The challenge of turning inter-Korean thaw into longer-term detente

From Reuters - January 10, 2018

SEOUL (Reuters) - A day of smiles and jokes at the first inter-Korean talks in two years quickly evaporated Tuesday night when the Norths chief negotiator threatened to walk out after the South Korean side brought up Pyongyangs nuclear and missile programmes.

We had started in a good spirit but this came to an icky mood, North Koreas lead delegate Ri Son Gwon complained in closing remarks.

His rebuke highlights the challenges that lie ahead for Seoul after the 11 hours of talks yielded agreements to hold military talks and facilitate North Koreas participation in next months Winter Olympics in South Korea.

South Korean President Moon Jae-in attained his immediate goal of getting North Korea to participate in the games - and reducing the chance its leader Kim Jong Un would disrupt the event with another missile or nuclear test. But turning the winter thaw into a longer-term detente will be far more daunting.

To do so, Moon must navigate a volatile mix of mutually exclusive policies, including North Koreas stance that its nuclear arsenal is non-negotiable and Washingtons equally strident insistence that complete denuclearisation is the only acceptable outcome.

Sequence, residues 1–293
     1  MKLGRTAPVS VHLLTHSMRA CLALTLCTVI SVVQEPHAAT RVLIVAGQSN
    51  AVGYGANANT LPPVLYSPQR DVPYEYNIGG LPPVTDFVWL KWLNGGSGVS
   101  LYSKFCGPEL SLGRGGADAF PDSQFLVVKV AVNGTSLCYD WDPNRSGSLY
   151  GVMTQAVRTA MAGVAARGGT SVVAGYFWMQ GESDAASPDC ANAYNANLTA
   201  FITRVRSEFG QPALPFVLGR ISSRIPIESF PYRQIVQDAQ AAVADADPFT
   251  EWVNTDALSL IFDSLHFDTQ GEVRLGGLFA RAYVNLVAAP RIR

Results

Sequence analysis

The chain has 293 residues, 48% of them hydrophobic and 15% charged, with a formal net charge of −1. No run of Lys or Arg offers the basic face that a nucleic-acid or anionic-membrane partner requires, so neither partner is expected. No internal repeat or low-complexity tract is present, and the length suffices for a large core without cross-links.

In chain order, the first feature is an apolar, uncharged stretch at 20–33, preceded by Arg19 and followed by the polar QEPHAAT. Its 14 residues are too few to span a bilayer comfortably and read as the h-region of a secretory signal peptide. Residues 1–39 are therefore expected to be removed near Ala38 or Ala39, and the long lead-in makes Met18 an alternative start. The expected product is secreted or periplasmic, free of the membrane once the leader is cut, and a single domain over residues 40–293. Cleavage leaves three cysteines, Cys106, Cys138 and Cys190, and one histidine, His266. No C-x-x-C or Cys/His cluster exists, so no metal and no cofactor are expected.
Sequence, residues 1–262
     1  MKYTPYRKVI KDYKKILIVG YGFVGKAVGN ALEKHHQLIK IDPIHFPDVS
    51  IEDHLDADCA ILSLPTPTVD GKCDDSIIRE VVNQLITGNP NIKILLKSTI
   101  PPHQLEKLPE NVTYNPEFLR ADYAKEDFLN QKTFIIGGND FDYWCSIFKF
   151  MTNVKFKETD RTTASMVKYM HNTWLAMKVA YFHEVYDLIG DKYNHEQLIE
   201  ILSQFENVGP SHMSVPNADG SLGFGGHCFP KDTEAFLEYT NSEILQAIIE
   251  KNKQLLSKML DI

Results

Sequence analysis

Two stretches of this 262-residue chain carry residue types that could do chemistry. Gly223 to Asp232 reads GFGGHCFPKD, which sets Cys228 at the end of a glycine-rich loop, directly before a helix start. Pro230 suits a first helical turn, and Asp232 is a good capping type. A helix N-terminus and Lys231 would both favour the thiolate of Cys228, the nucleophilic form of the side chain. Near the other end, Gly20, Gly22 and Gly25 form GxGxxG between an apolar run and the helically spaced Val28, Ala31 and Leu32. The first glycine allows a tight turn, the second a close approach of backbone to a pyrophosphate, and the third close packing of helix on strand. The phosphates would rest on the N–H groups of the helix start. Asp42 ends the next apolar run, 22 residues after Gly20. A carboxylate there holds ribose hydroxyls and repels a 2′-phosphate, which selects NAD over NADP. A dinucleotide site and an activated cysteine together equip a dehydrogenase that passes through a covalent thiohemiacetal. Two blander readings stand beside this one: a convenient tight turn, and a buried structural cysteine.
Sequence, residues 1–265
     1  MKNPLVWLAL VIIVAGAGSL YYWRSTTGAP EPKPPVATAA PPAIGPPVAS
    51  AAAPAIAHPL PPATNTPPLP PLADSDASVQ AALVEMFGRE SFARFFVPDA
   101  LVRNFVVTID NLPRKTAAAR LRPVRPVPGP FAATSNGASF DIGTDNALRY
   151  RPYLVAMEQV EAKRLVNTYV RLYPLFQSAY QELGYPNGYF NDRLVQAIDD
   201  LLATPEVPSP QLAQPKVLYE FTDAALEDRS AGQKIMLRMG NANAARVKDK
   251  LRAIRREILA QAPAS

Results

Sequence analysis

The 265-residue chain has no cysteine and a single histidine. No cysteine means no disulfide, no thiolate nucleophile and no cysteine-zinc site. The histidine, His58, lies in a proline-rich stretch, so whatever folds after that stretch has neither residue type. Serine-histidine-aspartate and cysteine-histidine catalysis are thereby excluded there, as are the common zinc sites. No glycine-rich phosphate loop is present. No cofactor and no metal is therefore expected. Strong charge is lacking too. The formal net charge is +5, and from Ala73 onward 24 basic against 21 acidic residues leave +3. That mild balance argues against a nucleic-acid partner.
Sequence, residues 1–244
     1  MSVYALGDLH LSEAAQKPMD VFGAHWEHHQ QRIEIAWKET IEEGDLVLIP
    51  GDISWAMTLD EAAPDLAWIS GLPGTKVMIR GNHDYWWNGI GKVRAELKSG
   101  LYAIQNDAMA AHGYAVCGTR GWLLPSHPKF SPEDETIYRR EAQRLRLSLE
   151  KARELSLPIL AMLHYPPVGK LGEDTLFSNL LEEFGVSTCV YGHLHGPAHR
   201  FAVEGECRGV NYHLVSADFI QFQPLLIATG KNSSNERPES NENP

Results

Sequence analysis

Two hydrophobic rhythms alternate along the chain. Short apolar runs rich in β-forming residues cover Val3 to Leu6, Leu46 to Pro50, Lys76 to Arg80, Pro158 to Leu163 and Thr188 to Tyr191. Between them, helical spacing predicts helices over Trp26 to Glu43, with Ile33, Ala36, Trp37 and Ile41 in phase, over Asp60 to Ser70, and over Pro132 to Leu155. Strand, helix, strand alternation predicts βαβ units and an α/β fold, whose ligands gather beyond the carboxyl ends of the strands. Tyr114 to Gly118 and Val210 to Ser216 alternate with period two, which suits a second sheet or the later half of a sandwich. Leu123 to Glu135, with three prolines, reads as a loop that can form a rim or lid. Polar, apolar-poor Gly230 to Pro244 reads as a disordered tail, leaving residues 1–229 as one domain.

Seoul has proposed that the two Koreas make a show of unity by marching together at the Pyeongchang Olympics. The last time they did that was in January 2007 at the Asian Winter Games in Changchun, China, just three months after North Korea conducted its first nuclear test.

The first U.N. sanctions against Pyongyang followed that nuclear test and over the next 12 years, international sanctions ramped up along with North Koreas increasingly sophisticated missile and nuclear tests, a cycle that has left Pyongyang increasingly isolated. Along the way, six-country talks aimed at dismantling North Koreas nuclear programme became moribund.

Participation in the Olympics would help ease the Norths isolation. And Pyongyang may hope South Korea could resume desperately needed economic aid at some point. Moon, after all, was once an advocate of former president Kim Dae Jungs sunshine policy of reconciliation with the North.


Ri said he would not discuss North Koreas nuclear weapons programme with the South because its nuclear bombs and intercontinental ballistic missiles (ICBM) are aimed thoroughly at the United States, not at its brethren in the South.

Seoul believes improved inter-Korean ties and a series of steps agreed on Tuesday could pave the way for discussion of a fundamental resolution of the nuclear issue in the future, the Souths unification ministry said on Wednesday.



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